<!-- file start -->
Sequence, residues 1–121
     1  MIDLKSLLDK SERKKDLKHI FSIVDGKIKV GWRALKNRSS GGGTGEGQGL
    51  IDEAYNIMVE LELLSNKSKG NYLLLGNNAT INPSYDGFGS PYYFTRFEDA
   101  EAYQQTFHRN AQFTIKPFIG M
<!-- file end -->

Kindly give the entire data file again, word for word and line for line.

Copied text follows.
Sequence, residues 1–121
     1  MIDLKSLLDK SERKKDLKHI FSIVDGKIKV GWRALKNRSS GGGTGEGQGL
    51  IDEAYNIMVE LELLSNKSKG NYLLLGNNAT INPSYDGFGS PYYFTRFEDA
   101  EAYQQTFHRN AQFTIKPFIG M